This week, a considerable amount of our headspace has been taken up with thinking about and planning ahead for the expected government announcement this weekend, detailing how schools will reopen for more pupils. The Guardian reported that, ‘Significant changes in schools are expected, with teachers and unions expecting that Johnson will on Sunday confirm the 1 June start date for schools to reopen; beginning with children aged 10 and 11 in year 6. Other primary year groups are expected to follow shortly after, and then, years 10 and 12 – the first years for GCSE and A-level courses respectively – to also return to secondary schools’. There is a lot of speculation out there in the media, amongst professionals and general public as to how schools might return safely.
As Barry Carpenter wrote in his think piece that I shared last week, it would be naive of any headteacher or school leader to think that the child will pick up the curriculum at exactly the same point at which they left it, on the day their school closed. Too much has happened. Look at what the children and communities are experiencing. None of this follows the usual pattern of a school year with all of the annual cycle of events. It feels like a period of true social disorder. As I said last week, compassionate leadership is crucial at this time.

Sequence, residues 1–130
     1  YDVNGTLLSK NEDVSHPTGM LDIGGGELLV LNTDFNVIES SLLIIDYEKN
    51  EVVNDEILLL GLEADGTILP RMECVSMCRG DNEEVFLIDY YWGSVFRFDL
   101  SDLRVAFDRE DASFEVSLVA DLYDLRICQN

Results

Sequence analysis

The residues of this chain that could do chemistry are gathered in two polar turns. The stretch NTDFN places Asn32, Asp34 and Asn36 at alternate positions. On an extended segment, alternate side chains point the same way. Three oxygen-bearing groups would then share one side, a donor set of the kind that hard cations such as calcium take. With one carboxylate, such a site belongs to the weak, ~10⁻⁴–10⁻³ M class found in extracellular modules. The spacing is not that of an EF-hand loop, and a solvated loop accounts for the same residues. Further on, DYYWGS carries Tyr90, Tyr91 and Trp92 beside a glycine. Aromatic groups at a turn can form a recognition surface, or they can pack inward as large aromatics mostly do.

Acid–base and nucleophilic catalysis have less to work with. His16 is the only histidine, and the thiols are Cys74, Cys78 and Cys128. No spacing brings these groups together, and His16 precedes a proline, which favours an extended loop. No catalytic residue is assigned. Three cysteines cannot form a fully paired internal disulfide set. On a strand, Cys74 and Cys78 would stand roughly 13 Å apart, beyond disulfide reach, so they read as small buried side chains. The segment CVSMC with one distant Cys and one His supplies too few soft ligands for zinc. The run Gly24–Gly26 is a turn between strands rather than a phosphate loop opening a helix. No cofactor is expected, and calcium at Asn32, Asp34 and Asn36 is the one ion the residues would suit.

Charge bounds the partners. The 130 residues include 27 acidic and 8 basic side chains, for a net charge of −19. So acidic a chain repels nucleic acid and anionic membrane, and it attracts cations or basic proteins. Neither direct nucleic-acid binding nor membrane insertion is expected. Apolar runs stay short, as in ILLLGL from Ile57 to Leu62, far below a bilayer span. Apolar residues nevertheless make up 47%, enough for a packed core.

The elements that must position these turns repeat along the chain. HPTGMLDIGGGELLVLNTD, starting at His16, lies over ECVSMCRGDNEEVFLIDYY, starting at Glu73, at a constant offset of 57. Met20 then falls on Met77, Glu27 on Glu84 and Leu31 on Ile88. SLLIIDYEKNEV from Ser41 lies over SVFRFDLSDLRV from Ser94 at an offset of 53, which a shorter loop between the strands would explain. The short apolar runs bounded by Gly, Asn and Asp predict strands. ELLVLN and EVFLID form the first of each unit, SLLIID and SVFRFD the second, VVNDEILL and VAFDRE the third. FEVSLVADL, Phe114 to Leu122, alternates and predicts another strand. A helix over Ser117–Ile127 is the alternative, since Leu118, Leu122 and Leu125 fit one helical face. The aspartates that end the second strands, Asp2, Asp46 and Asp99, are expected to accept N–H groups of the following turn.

The slides that I shared this week outlined the multitude of moving parts for school renewal and transition for recovery, which capture the complexity of schools returning with a wider population, than just the children from critical workers and vulnerable children. We are expecting a national framework from the government this weekend, outlining further details, which needs to go beyond guidance. But also to include clear directives relating to public health, managing staff, transport and safeguarding. Once the national framework has been shared, this will need to be interpreted and translated locally for us in Camden, as the next few weeks allow a period of careful planning in readiness for more pupils returning to school.
As we begin to move into the next phase; two thoughts (amongst many) worth pausing to consider are, the pupils’ wellbeing and also those children who are making a transition from one school to another this summer. On Tuesday, I was part of a group of professionals pulled together by the CEX of the Tavistock, considering how we work together to develop a package of psychological support for young people, families and teachers when a decision is taken to reopen schools. Camden Learning are part of this innovative project and thinking, which will help to manage the significant challenges that will exist in schools and in our families. The other piece of thinking is the importance of establishing some joint principles around Year 6 to Year 7 transition; ensuring where possible, some common agreements are determined. Agreements around correspondence to families, assessment data, pupil information, autumn baseline testing and SEND requirements-watch this space.
Managing Director of Camden Learning